An example: To secure water through 2040 for its 300,000 — and growing — customers in Southwest Florida, the Peace River Manasota Regional Water Supply Authority by 2028 will spend $40 million to expand its treatment plant and $350 million to construct a 9 billion-gallon reservoir.


A Clean Waterways Act in 2020 was good but not far-reaching enough, say environmentalists. Meanwhile, a separate program to cut water pollution and restore water bodies to health is “fatally flawed” because its creation didn’t include fertilizer runoff, says Paul Owens, president of 1000 Friends of Florida.


Some researchers say half the “public supply” of water — the utility-provided water piped to your property — is used for yard irrigation. Then there’s the water that irrigates golf courses, parks and homeowner association common areas. If property owners move en masse to native vegetation, fund reclaimed water systems and are willing to live with something other than green grass, the state’s future need for water will change considerably.


An estimated 2.3 million Florida homes have septic tanks, which have been implicated in polluting bodies of water around Florida. In Miami-Dade alone, the estimated cost to convert the 100,000 homes and businesses to government sewer systems is $4 billion.


Water will become more expensive as the state turns to harder sources to exploit — brackish water, desalination, reclaimed water. The EPA estimates Florida’s 20-year capital need for drinking water, wastewater and stormwater totals nearly $45 billion. Pipes laid down a half-century ago are aging out. Charlotte County, for example, is budgeting $6 million a year to replace water and wastewater pipes and is in various stages of expanding three of its four wastewater treatment plants. The price tag for two is $110 million, up from $60 million when the process began. Planning on the third isn’t advanced enough to have a price tag. “Charlotte County is experiencing a huge amount of growth right now,” says Dave Watson, the county’s utilities operations manager.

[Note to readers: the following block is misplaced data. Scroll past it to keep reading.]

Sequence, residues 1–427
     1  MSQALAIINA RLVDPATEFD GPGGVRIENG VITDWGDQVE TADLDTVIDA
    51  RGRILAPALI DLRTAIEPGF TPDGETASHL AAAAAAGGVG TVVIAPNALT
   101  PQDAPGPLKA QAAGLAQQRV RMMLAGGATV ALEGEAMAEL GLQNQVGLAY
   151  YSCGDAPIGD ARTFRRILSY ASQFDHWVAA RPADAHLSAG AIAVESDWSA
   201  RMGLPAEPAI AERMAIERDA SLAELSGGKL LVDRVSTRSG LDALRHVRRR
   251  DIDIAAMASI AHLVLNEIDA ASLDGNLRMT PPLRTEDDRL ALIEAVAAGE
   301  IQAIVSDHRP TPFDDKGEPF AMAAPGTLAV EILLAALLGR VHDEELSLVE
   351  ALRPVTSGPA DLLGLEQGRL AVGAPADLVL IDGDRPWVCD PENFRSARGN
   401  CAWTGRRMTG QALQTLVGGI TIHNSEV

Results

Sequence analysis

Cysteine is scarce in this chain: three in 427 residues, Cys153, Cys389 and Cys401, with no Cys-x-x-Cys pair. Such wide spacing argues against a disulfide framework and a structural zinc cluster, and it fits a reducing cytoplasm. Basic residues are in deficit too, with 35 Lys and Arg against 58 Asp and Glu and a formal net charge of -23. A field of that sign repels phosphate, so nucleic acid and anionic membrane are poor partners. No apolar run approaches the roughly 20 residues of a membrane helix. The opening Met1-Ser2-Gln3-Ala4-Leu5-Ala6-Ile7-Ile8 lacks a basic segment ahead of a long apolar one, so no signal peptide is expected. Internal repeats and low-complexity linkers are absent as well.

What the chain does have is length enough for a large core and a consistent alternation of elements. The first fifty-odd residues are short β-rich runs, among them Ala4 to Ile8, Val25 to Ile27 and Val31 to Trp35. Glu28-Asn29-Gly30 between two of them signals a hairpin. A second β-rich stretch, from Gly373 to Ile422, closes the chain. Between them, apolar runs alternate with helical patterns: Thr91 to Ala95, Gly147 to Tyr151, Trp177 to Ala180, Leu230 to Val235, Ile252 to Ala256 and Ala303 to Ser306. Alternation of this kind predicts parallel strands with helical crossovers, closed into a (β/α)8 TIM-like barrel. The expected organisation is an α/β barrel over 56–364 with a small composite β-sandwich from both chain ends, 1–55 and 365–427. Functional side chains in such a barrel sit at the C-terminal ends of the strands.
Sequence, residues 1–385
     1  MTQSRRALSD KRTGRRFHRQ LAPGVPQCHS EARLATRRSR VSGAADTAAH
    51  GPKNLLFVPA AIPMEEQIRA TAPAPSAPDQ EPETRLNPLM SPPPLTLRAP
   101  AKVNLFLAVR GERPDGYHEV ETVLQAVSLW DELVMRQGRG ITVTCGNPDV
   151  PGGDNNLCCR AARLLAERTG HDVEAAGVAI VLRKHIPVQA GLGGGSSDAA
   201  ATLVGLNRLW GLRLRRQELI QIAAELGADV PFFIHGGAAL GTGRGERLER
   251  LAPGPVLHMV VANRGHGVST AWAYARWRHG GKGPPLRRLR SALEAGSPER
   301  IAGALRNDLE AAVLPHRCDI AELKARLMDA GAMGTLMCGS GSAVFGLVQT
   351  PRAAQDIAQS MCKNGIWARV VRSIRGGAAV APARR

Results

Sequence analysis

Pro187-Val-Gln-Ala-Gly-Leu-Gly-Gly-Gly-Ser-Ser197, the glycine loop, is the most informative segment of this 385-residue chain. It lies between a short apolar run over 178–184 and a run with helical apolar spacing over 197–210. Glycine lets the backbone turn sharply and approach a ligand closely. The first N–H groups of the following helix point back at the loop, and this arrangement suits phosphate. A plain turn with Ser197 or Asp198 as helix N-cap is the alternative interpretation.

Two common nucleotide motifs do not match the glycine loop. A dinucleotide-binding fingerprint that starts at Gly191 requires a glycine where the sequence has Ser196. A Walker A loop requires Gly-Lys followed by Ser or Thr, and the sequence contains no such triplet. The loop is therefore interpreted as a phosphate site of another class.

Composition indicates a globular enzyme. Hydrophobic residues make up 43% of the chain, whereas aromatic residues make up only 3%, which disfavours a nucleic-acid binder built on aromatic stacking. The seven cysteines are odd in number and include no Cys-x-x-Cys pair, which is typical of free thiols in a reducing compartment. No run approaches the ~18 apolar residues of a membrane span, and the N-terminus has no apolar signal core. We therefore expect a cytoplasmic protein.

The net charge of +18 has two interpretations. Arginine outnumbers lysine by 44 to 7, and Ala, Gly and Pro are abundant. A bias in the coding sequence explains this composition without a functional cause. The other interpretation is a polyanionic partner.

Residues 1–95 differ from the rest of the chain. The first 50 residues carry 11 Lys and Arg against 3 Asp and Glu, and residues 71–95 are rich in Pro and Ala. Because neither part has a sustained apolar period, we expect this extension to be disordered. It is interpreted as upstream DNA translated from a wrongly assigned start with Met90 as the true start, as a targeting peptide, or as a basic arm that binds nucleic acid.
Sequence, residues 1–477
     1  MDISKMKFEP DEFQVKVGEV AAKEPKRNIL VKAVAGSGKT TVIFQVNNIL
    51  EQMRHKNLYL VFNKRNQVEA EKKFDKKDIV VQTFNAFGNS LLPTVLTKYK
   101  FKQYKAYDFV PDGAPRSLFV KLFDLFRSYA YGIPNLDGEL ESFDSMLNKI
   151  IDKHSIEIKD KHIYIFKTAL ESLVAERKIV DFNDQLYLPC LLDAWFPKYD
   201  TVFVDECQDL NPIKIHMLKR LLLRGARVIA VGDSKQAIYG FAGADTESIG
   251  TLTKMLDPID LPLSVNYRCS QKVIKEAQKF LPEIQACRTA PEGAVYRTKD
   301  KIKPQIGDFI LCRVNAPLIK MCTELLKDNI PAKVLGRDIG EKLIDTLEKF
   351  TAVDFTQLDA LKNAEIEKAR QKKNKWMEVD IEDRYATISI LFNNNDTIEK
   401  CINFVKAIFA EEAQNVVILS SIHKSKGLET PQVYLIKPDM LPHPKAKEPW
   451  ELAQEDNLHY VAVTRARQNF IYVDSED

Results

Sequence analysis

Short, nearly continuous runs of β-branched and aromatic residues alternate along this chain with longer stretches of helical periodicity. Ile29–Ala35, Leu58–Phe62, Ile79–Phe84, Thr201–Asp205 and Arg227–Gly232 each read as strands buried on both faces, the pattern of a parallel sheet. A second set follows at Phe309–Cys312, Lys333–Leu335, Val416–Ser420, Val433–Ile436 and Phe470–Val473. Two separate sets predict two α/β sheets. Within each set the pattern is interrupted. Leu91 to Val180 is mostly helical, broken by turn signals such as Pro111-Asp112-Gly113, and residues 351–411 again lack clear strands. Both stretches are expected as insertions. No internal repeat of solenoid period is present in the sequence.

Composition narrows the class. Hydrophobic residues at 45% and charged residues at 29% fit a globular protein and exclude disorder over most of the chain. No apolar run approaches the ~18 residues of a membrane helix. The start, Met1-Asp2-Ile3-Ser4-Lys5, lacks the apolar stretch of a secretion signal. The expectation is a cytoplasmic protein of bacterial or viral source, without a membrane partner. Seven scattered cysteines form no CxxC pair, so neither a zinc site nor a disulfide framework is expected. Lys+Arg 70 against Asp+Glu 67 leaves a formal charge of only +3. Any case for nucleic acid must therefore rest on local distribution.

August marks the 30th anniversary of Hurricane Andrew, which ripped its way through south Miami-Dade and the Florida property insurance market in 1992. Miami-Dade recovered. The insurance market has proved harder to rebuild.

The ups and downs of that effort make for a torturous chronicle. Skip to the present state: Florida’s last major hurricane hits were Irma in 2017 and Michael in 2018, yet property insurers in Florida still are buying red ink by the barrel. Through 2021’s third quarter, their net underwriting loss was $1.05 billion.

State Insurance Commissioner David Altmaier blames those losses on catastrophes, higher reinsurance costs and litigation. Altmaier has said that Florida accounted for 8.16% of homeowners’ claims nationally in 2019 but 76.45% of homeowner suits against insurers.

Florida ranks 46th in the Harris Poll survey for the national Chamber Institute of Legal Reform of views on states’ judicial impartiality and tort litigation climate held by in-house general counsels, company senior executives and attorneys. Florida came in ahead of only Mississippi, California, Louisiana and Illinois. Miami-Dade County was ranked among the worst local jurisdictions.

Attorneys for claimants say they’re just trying to get insurers to pay what they’re contractually obligated to do in cases of damages.



Insurers have been granted permission to raise premiums to maintain the surpluses required to stay solvent. It varies by company, but 22 of 52 companies averaged around 14% — in part because inflation in labor and material costs drives up replacement rates. And insurers have jettisoned property owners judged to be too risky because their roofs are slightly older or other underwriting issues.


Abandoned customers go to Citizens Property, the state-created and state-subsidized insurer of last resort, which added 217,000 policies in 2021. Citizens now has 10% of the state market but nearly a third of the Southeast Florida market. The state is trying to make Citizens less attractive to homeowners by, among other things, raising rates.


The Legislature has taken steps to change the litigation climate by curtailing “assignment of benefits” and other practices it says encourage frivolous claims.